Month: August 2011

This is New York

I wake up in the morning to the song of sirens and the murmur of traffic, heartbeat of a city that has never gone to sleep. People are already talking loudly outside on the street, music blares from passing cars and children whoop and scream as they play baseball in the scrubby diamond in front of my apartment building. When I leave to launch myself out into this heaving metropolis, I become another cog in the wheel of a gargantuan piece of machinery that never stops whirring. Everywhere you go, footsteps pound, voices chatter, horns honk, lights twinkle, arms are raised, steam belches, people stream from every orifice, smells emanate from all manner of carts and grates and stores…the city is positively alive and moving, and you cannot help but be swept along with it.

This is a city where everyone is on the move and everyone is on the up; the buildings soar high into the sky and on grey days, they even pierce the clouds. New York is the city of dreams; everyone here has one they are trying to achieve. From the busboys in East Village restaurants to the girls working in midtown offices, they have all come here from somewhere else, looking to absorb the energy, the passion, and the sheer life of this throbbing city in order to make something of themselves. Some do, some don’t, but all are united by their belief that here, it is possible to be something more than what they are.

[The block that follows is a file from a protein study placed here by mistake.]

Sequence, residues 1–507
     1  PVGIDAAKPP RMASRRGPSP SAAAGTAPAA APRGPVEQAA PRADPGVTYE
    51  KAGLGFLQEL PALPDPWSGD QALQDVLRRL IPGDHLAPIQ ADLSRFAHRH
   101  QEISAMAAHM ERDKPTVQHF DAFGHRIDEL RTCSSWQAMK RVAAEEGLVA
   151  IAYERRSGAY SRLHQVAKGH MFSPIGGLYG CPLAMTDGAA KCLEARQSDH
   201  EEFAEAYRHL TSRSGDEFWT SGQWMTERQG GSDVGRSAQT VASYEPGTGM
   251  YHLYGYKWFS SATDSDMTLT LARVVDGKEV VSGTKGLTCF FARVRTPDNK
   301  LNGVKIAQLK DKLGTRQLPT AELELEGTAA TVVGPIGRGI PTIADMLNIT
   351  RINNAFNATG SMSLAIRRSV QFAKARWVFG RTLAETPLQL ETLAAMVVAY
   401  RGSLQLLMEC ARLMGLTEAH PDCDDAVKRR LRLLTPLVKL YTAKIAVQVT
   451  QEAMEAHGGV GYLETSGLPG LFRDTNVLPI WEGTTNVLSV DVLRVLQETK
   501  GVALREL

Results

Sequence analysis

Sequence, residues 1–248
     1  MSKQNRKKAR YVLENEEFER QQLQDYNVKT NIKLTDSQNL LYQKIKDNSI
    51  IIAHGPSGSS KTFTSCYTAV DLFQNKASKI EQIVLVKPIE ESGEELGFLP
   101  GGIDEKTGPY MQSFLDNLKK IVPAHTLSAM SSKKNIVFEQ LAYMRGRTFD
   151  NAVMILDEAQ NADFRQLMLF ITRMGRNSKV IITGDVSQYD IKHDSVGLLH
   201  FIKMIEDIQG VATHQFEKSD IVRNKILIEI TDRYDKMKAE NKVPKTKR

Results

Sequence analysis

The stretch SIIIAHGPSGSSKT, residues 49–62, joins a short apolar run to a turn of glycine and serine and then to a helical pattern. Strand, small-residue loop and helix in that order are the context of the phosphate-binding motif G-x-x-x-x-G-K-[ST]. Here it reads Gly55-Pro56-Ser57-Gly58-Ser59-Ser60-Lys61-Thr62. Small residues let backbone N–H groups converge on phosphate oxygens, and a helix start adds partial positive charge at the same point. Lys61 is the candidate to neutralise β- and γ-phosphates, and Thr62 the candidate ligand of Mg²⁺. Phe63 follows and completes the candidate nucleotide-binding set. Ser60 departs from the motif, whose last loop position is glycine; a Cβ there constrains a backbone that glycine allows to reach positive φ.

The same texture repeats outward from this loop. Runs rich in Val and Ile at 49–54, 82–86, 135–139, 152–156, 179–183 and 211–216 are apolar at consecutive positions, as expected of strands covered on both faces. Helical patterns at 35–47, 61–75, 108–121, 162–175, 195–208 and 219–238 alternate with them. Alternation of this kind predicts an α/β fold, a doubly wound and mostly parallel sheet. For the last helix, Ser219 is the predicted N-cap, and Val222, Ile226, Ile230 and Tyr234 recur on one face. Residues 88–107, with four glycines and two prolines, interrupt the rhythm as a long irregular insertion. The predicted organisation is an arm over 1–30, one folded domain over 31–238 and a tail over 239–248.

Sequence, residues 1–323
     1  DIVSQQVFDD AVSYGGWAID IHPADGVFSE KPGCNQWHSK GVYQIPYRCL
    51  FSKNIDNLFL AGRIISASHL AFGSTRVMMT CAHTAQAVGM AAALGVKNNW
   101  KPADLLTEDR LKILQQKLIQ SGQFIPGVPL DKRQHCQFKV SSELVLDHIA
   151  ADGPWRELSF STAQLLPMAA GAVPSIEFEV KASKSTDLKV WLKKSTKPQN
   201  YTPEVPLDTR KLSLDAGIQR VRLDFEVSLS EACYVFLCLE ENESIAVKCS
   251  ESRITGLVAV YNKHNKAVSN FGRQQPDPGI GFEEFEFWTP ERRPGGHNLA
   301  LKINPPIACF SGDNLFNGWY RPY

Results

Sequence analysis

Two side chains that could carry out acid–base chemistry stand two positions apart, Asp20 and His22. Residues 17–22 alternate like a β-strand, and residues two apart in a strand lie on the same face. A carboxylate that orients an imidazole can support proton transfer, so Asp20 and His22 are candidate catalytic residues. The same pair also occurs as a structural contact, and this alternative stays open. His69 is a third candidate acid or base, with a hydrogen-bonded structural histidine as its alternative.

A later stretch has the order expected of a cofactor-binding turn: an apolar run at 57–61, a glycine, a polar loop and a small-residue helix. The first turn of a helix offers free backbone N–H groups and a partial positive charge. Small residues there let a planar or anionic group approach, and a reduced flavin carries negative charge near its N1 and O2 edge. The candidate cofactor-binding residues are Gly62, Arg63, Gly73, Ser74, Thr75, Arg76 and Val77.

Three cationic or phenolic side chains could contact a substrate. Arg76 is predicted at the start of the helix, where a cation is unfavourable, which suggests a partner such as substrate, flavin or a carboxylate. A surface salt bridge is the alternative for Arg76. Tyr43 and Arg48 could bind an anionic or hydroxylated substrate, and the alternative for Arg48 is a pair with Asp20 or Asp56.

New York is a city of extremes; in the winter, the temperatures plummet to well below freezing, and in the summer, the heat regularly tops 100F. The homeless stand side by side with millionaires on the city streets. Being in the midst of it all can be overwhelmingly loud, but walk into the centre of Central Park and the silence is deafening. It’s not all excitement and glamour; alongside the glorious skyscrapers and magnificent riverside vistas are dingy tenements, ugly concrete office buildings, piles of rotting rubbish and tacky fast food shops. When your mood is low, walking around the ugliest and smelliest parts of midtown can be enough to make you question why you are here, and why exactly you thought this city had any more magic than anywhere else. It is at these moments, just when you think you’ve had enough of striving to make it work here, that New York shines its brightest, striking you afresh by how spectacular it is. It might be an unexpected glimpse of the glittering tip of the Empire State Building, or a midnight stroll through the pretty streets of the East Village; perhaps it’s sitting in Bryant Park watching the world go by, or eating brunch on a sunny sidewalk on a Saturday morning; whatever that moment might be, you’re suddenly reminded of what a magical, unique and truly extraordinary place you are lucky enough to live in, and the awe and affection come flooding back in. For New York may kick you down repeatedly, but it will always offer you the hand you need to pull yourself back up again.